We have said from the beginning that our plan is a flexible document, that we are always open to constructive dialogue from all workers and businesses and members of the public.

    In the meantime, I know many of you are frustrated.

    Some say they are frustrated that the State is moving too slowly; they worry about the financial toll on summer tourism that is so vital to our state’s brand and to our financial wellbeing.

    Some people say they want to go back to work but are afraid of having to deal with the public, including millions of people from out of state who come here every summer, many from Boston, New York, New Jersey and other dangerous hot spots.

    Some are engaging in partisan political chatter over this pandemic; but we know this virus plays no favorites: it doesn’t care whether you’re a Republican or a Democrat, a Green or an Independent, unregistered or unenrolled. It does not take political sides; it is an equal opportunity destroyer.

    Other people say they are frustrated that we are opening up any businesses at all, because of all the people in our state who are older or who have an underlying condition – or both – that puts them in the “vulnerable” category, putting their lives in grave danger whenever and however this virus spreads.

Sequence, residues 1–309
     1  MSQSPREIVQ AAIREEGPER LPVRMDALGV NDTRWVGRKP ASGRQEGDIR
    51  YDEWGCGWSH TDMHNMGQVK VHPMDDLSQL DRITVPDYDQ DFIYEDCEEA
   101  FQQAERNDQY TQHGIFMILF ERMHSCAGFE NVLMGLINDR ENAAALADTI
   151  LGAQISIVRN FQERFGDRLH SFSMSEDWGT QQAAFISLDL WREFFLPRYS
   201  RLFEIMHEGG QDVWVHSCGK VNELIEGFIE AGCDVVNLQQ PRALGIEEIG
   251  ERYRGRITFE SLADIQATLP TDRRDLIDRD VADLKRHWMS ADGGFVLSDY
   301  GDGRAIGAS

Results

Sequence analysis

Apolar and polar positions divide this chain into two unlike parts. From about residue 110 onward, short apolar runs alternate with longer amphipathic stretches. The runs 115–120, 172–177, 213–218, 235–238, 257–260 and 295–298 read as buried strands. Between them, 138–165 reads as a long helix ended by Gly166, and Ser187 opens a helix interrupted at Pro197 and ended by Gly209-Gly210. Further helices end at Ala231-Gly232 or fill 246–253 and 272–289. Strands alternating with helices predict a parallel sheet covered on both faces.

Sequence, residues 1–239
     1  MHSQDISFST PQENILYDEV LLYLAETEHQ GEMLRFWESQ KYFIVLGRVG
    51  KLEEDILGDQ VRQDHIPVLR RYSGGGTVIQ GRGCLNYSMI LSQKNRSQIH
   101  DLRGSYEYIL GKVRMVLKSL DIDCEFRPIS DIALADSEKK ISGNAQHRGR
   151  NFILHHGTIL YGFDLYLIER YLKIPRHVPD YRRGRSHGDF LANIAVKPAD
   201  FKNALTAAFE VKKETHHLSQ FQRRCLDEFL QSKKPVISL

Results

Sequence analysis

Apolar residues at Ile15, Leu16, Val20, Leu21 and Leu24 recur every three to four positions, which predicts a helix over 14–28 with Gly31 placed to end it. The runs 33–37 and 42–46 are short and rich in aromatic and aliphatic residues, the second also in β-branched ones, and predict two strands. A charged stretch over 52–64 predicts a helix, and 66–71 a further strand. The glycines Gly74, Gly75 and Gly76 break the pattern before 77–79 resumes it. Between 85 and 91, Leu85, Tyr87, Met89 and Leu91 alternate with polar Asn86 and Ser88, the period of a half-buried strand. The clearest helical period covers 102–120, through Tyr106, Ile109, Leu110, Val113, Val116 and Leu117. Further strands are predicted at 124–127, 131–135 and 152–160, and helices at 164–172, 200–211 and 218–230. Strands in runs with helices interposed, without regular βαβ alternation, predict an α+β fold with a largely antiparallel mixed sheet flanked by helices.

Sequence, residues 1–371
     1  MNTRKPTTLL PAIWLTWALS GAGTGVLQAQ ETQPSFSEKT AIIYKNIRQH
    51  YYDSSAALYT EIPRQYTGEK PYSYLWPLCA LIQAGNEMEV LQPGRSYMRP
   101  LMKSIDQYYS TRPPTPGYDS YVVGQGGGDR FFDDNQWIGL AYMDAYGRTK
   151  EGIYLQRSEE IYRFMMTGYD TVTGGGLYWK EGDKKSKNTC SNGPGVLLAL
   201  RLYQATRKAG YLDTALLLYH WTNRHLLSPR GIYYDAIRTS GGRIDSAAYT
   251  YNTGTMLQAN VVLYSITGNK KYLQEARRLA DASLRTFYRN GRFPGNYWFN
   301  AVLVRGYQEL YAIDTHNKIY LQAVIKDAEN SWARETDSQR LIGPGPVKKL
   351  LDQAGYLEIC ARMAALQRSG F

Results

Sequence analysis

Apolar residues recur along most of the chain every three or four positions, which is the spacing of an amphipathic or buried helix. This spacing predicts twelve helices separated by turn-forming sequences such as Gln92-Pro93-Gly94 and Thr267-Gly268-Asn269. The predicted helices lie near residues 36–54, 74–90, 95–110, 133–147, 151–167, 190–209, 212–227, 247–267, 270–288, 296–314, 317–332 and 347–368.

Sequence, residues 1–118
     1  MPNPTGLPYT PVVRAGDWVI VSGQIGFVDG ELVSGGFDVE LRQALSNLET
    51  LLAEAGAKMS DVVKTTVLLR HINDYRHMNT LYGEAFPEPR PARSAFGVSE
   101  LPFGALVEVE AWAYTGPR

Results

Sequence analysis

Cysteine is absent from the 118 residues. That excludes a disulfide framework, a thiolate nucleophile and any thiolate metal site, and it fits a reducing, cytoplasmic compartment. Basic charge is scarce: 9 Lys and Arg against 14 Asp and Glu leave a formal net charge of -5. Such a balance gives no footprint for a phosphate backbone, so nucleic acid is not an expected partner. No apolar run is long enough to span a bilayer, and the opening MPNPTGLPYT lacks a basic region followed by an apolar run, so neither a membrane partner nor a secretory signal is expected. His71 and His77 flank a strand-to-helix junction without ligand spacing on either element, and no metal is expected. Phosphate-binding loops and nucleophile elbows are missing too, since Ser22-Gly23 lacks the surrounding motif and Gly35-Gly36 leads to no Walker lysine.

They read the newspaper.

    The know that more than 3,500 people have died in Massachusetts from this painful virus; more than 18,000 New Yorkers have lost their lives; more than 7,000 in New Jersey; 2,257 in Connecticut.

    And in just the last 24 hours, the State of Georgia reports more than one thousand new cases.

    I hear all of this. I hear all of you.

    With every order I have issued and every action I have taken, I have thought long and hard about how Maine people – and Maine businesses -- will be impacted.

    These are some of the most difficult decisions any governor has ever had to make, in consultation with the people and the businesses affected but always with the public health as our first priority.

    The challenges this dangerous pandemic poses to us and to our state are unlike anything we have seen in generations.

    In threading many needles every day, in finding the delicate balance between saving lives and preserving livelihoods, I am reminded of what H.L. Mencken said.

    He said, “There is a single solution for every problem: simple quick, and wrong.”

    There is no easy solution here.

    We cannot flip a switch and open up all the restaurants, all the bars, all the souvenir shops and all the motels across the state to do business as usual and risk a more aggressive resurgence of this virus that will only sicken more people, destroy lives and devastate our entire economy for years to come.